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Tonsler, Benjamin Ellis

Name: Tonsler, Benjamin Ellis
Occupation: Principal, Jefferson School
aka: B. E. Tonsler
Sex: M
Birth: 2 Apr 1854
Death: 6 Mar 1917
Marker: Yes
Spouse(s): Fannie Manning Gildersleeve Tonsler
Parents: Edward and Martha Allen Tonsler
Children: Emma T. Harris, Compton Tonsler, John Tonsler, Jolliff T. Curtis, Mabel T. Sampson, Basil Tonsler
Affiliations:
Notes: Undertaker – Irving Way Hill Co.

Closeup of framed portrait of Benjamin E. Tonsler from a photograph, taken in the sitting room of the Tonsler home on Sixth Street after his death in March 1917, of the floral tributes sent by numerous organizations and friends.

Tonsler Flowers”
Holsinger Studio Collection
Image courtesy of Special Collections Library
University of Virginia (Charlottesville, Virginia)

THE DAILY PROGRESS
(Charlottesville, Virginia)
Wednesday March 7, 1917
Page 1

THE RICHMOND TIMES DISPATCH
(Richmond, Virginia)
Friday March 9, 1917
Page 2

THE SOUTHERN WORKMAN
Hampton Institute Press
(Hampton, Virginia)
April 1917
Page 252

Benjamin E. Tonsler is one of the most prominent figures in Charlottesville history, a civic leader who led the fight to educate African-American children. Historical documentation on his early life is very scarce. We know he was born April 2, 1854; it is not known whether he was born into an enslaved or free family. His descendants believe he was employed or enslaved by a University of Virginia professor, who may be the one who taught him to read and write. He graduated from Hampton Institute and returned to Charlottesville as a teacher for the Jefferson Graded School, at the time the only school for African-American students in the city.

Tonsler’s legacy is embedded in the landscape of Charlottesville, both at his longtime home on Sixth Street SW, which is on the National Register for Historic Places, and at the city park on Cherry Avenue named in his honor. He rests in the Daughters of Zion cemetery beside his wife, Fannie Gildersleeve Tonsler, and near other relatives of the Tonsler, Heiskell, and Buckner families.

Benjamin Tonsler’s gravestone monument reads “Erected by the Alumni of the Jefferson Graded School and Friends,” a permanent testament to his role in educating generations of young African Americans.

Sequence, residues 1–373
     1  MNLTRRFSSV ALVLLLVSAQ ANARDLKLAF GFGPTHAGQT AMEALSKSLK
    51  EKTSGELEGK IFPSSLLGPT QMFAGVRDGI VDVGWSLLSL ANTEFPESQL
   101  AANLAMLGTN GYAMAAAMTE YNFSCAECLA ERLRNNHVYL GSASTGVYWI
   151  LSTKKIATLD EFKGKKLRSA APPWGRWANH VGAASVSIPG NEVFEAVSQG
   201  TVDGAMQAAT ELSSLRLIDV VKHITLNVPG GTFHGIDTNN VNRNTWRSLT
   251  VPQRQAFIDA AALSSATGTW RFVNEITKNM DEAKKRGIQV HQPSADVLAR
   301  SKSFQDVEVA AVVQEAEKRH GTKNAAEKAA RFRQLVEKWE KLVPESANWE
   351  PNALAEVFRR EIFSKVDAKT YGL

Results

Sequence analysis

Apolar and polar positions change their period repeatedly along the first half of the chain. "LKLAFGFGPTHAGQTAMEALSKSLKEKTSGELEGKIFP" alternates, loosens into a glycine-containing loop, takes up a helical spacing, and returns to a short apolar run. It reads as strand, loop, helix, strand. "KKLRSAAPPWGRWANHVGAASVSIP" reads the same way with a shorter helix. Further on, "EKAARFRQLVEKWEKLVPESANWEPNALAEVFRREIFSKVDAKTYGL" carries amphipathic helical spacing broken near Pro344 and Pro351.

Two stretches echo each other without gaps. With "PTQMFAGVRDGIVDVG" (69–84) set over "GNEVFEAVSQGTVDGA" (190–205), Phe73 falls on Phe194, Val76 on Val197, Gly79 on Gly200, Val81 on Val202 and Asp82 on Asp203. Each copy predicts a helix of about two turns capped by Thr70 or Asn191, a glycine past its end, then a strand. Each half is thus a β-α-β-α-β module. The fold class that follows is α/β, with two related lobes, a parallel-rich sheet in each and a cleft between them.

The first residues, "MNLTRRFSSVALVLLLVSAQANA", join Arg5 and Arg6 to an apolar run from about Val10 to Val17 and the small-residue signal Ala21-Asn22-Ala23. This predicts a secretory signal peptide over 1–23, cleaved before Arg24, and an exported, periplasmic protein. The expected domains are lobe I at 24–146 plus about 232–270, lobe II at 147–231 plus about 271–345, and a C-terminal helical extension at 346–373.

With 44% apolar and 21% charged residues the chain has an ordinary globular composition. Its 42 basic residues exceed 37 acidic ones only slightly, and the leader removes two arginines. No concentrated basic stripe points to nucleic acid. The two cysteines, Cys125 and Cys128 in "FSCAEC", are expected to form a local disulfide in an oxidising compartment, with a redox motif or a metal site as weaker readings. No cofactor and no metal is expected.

THE DAILY PROGRESS
(Charlottesville, Virginia)
Monday May 20, 1918
Page 1

THE DAILY PROGRESS
(Charlottesville, Virginia)
Monday June 10, 1918
Page 1

INDIANAPOLIS RECORDER
(Indianapolis, Indiana)
Saturday August 20, 1910
Page 1

After a few years of teaching, Tonsler became principal of the Jefferson Graded School, a role which he filled for almost thirty years. Tonsler dedicated his life to advocating for the education and enrichment of his students. At a time when it was illegal for African-American students to study past the eighth grade, for example, Tonsler held classes for older students in secret after the school day was done.

“We received a quality education at Jefferson School. Professor Tonsler taught accelerated courses along with the regular curriculum. He taught us ancient history, Emerson and Bender Language, and high mathematics. Our parents bought us extra text-books, as well as those required by the Charlottesville School Board. He put the extra books out of sight whenever the superintendent visited the school.”

Rebecca Fuller McGinness: A Lifetime, 1892-2000
Rebecca F. McGinness, Florence C. Bryant, & William Van Doren
Charlottesville, Va: Van Doren Co. (2001), page 33.

Mr. Benjamin E. Tonsler, former student and Principal at the Jefferson School, is pictured above with the Class of 1908. One of the students, Mrs. Emily Lewis Lightfoot (far left), is the daughter of Mrs. Mary Nelson Lewis.
Image and Diploma courtesy of Ms. Bernadette Whitsett-Hammond
Jefferson School Principal Benjamin E. Tonsler (center). Student Marian Wyatt, who later became a teacher at Jefferson Elementary School, is standing far left on back row.
Image courtesy of the Jefferson School African American Heritage Center

“The Fifeville and Tonsler Neighborhood Historic District encompasses 264 contributing buildings and 3 contributing sites. Fifeville is a historically African American residential neighborhood and was developed between 1890 and the 1930s. The Benjamin Tonsler House, ca. 1879, combines the Italianate, Second Empire, and Gothic Revival architectural styles. Tonsler, a graduate of Hampton University and friend of Booker T. Washington, went on to become principal of Jefferson School and is remembered as one of Charlottesville’s leading educators.” — Preservation Piedmont on Facebook, July 29, 2020

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